mRNA-based COVID-19 vaccines: a new age

Palabras clave: vacunas ARNm, CVnCoV, mRNA-1273, BNT162

Resumen

El desarrollo de vacunas basadas en la tecnología de ARNm tiene más de una década de arduo trabajo e importantes avances; varios estudios clínicos se llevan a cabo para probar estas vacunas en el tratamiento y prevención de infecciones y enfermedades como cáncer, citomegalovirus, ébola, virus de hepatitis C, virus de inmunodeficiencia humana, influenza, malaria, rabia y Zika. Sin embargo, no fue hasta la pandemia de COVID-19 en 2020 que tomó un rol protagónico en una importante carrera para desarrollar estrategias terapéuticas contra la enfermedad, principalmente una vacuna. La tecnología de ARNm permite la generación de vacunas de manera rápida y segura, con la posibilidad de escalar la producción a grandes niveles. En la actualidad, ya contamos con vacunas de ARNm contra COVID-19 (Pfizer-BioNtech® y Moderna®) que cuentan con el registro de emergencia de entidades reguladoras, entre ellas la FDA en EUA y la EMA en Europa, y otras tantas en proceso de obtención de datos clínicos que permitirán su disponibilidad en poco tiempo. Por otra parte, los ensayos clínicos de fase 3 siguen su curso. Los análisis preliminares registran niveles de eficacia notablemente altos: en torno a 95% contra la enfermedad leve-moderada y hasta 100% contra la enfermedad grave, incluida la muerte. Los distintos ensayos clínicos muestran un perfil de seguridad sólido, igual o mayor que el de muchas vacunas de uso común, aunque las vacunas no están exentas de eventos adversos. A pesar de lo anterior, existen importantes retos técnicos y dudas debido a la falta de información a largo plazo. Las vacunas de ARNm representan una nueva era en la vacunación y uno de los avances más importantes en salud, ciencia y tecnología en los últimos tiempos. En esta revisión mostraremos los principios básicos de las vacunas de ARNm y nos centraremos en las vacunas utilizadas contra la COVID-19. La evidencia científica demuestra que las vacunas de ARNm son una de las mejores opciones, no solo para combatir la pandemia de SARS-CoV-2 sino como una tecnología novedosa contra diversas enfermedades.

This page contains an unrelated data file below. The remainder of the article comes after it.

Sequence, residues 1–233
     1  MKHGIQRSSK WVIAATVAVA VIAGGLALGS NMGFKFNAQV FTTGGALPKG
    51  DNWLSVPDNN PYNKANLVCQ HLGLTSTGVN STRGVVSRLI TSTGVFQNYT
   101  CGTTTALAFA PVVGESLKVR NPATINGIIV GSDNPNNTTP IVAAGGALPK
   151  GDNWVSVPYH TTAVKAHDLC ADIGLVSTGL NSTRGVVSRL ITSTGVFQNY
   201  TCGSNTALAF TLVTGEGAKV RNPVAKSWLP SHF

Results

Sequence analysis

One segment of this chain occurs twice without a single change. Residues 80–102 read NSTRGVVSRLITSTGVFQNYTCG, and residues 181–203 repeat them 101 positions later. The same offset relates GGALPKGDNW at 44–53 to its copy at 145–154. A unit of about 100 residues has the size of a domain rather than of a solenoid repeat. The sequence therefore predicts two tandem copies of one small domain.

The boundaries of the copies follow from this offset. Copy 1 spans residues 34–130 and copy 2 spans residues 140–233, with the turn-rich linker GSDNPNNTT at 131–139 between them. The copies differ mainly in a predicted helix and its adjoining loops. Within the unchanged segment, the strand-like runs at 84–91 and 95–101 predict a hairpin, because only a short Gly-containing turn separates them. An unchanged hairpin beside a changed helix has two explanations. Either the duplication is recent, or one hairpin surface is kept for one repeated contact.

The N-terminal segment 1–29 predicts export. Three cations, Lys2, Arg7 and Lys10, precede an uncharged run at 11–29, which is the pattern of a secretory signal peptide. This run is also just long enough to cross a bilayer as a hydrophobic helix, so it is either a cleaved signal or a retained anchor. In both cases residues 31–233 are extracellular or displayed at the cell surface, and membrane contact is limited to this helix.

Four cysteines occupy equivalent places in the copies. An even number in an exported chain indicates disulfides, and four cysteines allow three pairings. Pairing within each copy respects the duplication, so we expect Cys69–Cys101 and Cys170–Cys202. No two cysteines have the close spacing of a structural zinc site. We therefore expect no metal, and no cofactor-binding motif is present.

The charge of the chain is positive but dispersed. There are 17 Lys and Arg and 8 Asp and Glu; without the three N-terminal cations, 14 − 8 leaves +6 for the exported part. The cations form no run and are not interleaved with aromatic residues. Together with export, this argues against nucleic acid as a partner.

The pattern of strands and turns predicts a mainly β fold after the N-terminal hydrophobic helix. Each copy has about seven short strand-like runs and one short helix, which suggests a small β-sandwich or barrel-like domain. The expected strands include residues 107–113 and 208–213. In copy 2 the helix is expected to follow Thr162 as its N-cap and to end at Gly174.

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Citas

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Publicado
2021-08-25
Cómo citar
Rodrigo Martínez-Espinosa, R., & Gabriela Ramírez-Vélez, G. (2021). mRNA-based COVID-19 vaccines: a new age. Proceedings of Scientific Research Universidad Anáhuac, 1(2), 18-30. https://doi.org/https://doi.org/10.36105/psrua.2021v1n2.03
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